We saw the house (maintained but not improved) up for about £160k, late last year.

Only 5K a year.

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Guest Winners and Losers

..or 9.5% annual compound growth...

:ph34r:

Don't confuse WAL's pretty little head. :unsure:

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..or 9.5% annual compound growth...

:ph34r:

Yeah.. Not exactly phenomenal when you consider the years of high inflation we've had since 1975, and that we're at the peak of a bubble now. If we worked it out from 1975 to 1995 it would look even less spectacular.

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Guest Winners and Losers

Yeah.. Not exactly phenomenal when you consider the years of high inflation we've had since 1975, and that we're at the peak of a bubble now. If we worked it out from 1975 to 1995 it would look even less spectacular.

And the next 20 years could be equally unspectacular.

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And the next 20 years could be equally unspectacular.

In fact, didn't one of the building societies recently predict that HPs wouldn't grow beyond wage inflation over the next 20 years?

Or did I dream it? Good for the country if it happens, IMO.

Edited by Casual Observer

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Guest Winners and Losers

In fact, didn't one of the building societies recently predict that HPs wouldn't grow beyond wage inflation over the next 20 years?

Or did I dream it? Good for the country if it happens, IMO.

You dreamt it of course, that could never happen here. :rolleyes: - can we have a 'yawning' smiley please?

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You dreamt it of course, that could never happen here. :rolleyes: - can we have a 'yawning' smiley please?

I've always thought that if prices had risen in line with inflation year after year, I'd be living in a much grander house than I have now!

Rampant HPI is not good news for ordinary people who just want somewhere to live, and who want a better house as their career begins to reward them with higher incomes.

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I've always thought that if prices had risen in line with inflation year after year, I'd be living in a much grander house than I have now!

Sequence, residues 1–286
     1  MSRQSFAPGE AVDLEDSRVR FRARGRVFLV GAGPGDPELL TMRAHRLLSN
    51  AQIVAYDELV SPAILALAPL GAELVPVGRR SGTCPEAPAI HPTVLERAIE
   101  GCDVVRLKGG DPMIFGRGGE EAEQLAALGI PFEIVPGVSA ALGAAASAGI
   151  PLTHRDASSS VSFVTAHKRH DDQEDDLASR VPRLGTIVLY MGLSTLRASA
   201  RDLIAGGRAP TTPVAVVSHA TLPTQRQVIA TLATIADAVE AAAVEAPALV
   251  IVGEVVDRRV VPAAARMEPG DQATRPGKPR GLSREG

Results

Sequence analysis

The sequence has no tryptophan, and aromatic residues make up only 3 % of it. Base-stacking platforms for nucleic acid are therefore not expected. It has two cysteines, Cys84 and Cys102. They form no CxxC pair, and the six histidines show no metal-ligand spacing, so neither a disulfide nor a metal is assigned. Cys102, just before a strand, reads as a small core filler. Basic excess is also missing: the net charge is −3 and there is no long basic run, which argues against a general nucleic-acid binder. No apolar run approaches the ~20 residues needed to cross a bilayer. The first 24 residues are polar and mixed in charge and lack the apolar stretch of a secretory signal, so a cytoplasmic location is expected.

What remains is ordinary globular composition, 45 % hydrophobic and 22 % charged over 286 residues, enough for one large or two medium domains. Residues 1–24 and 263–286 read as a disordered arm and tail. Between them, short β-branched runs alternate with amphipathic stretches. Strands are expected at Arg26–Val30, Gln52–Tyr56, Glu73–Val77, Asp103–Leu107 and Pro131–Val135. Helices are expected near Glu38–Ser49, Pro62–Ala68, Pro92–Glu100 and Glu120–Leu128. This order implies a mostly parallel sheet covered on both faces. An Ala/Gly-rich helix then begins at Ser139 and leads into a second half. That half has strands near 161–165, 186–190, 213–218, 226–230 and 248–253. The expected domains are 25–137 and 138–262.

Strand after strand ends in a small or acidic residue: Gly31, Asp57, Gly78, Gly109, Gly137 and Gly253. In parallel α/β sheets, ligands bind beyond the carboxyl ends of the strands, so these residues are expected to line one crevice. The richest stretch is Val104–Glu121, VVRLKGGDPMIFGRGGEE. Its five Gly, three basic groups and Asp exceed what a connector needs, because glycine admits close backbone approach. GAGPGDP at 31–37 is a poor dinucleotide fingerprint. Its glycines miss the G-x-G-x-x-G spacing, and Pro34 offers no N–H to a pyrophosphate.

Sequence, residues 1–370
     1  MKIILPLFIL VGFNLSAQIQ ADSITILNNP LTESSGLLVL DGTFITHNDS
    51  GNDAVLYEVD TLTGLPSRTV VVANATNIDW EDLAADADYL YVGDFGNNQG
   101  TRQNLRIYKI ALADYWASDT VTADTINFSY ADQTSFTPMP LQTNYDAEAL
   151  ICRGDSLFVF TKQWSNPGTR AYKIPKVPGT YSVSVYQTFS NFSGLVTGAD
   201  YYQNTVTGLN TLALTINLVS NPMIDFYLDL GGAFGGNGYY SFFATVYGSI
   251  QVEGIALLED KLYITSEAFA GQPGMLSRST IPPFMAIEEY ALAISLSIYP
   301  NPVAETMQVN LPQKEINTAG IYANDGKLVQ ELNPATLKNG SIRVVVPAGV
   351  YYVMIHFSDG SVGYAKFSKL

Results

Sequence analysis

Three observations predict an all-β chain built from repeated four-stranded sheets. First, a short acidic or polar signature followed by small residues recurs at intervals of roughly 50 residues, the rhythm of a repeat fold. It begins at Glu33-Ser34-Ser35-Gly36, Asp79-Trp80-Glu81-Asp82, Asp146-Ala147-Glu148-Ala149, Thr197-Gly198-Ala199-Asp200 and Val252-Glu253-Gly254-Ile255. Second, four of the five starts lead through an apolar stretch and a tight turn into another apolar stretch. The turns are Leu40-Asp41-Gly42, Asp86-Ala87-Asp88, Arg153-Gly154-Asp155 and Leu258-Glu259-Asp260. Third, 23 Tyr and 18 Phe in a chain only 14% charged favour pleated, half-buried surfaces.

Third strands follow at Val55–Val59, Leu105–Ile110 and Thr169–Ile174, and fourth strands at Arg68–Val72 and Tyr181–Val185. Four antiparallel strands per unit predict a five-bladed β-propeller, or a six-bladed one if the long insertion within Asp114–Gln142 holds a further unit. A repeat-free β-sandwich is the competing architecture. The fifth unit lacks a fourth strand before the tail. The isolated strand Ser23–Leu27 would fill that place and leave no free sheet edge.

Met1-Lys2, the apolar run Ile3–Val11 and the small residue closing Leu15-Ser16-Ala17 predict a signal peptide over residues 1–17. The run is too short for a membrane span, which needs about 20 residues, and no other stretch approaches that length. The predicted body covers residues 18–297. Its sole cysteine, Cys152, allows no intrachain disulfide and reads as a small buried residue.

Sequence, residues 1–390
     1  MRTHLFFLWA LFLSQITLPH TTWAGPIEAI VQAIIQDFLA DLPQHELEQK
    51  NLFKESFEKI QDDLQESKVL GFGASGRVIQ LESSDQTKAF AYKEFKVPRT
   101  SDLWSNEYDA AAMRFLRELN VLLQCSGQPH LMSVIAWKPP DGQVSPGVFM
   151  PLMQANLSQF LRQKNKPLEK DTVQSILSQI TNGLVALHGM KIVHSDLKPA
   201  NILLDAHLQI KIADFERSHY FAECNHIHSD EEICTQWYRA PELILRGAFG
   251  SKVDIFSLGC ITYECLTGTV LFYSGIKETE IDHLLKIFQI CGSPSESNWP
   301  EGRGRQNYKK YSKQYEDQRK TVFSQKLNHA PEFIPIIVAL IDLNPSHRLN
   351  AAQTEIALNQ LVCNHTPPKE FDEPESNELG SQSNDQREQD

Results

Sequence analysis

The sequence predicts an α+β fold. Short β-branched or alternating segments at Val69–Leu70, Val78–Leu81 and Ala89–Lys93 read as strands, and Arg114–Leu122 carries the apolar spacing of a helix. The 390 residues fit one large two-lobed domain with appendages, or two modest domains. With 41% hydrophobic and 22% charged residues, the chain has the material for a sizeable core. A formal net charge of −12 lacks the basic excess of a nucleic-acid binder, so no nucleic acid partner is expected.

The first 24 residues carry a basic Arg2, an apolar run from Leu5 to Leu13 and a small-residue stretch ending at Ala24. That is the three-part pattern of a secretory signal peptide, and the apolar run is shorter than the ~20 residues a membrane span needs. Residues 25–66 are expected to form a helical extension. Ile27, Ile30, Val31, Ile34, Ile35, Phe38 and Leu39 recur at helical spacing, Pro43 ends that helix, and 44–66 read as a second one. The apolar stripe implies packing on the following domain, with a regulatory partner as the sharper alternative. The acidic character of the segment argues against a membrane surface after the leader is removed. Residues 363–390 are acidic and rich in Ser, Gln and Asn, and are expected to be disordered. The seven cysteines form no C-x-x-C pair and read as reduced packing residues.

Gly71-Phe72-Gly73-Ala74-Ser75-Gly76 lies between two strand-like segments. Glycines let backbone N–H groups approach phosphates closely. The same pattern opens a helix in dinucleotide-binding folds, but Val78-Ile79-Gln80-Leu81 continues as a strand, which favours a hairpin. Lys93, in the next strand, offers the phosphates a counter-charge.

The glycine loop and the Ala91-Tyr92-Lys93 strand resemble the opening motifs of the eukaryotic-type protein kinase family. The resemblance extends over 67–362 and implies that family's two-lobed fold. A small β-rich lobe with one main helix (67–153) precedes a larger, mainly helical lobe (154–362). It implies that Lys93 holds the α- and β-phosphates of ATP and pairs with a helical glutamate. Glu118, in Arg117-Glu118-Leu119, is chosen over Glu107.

Rampant HPI is not good news for ordinary people who just want somewhere to live, and who want a better house as their career begins to reward them with higher incomes.

Spot on, it does noboddy any good, it's like a party drug, it makes you feel good for a while but sooner or later you have come down!

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1988 sold off plan £235k (bought as a Buy to flip investment by someone who thought property only goes up).

1992 I bought it for £89K from Barclays bank (it was repo'd)

Now worth £375k

2008 market value £270k

The fundimentals are out'a wack you can't beat the market.

Pablo Silver or Lead?

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1988 sold off plan £235k (bought as a Buy to flip investment by someone who thought property only goes up).

1992 I bought it for £89K from Barclays bank (it was repo'd)

Now worth £375k

2008 market value £270k

The fundimentals are out'a wack you can't beat the market.

Pablo Silver or Lead?

So you're selling it?

(I'll take the silver, thanks.)

JY

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  • 301 Brexit, House prices and Summer 2020

    1. 1. Including the effects Brexit, where do you think average UK house prices will be relative to now in June 2020?


      • down 5% +
      • down 2.5%
      • Even
      • up 2.5%
      • up 5%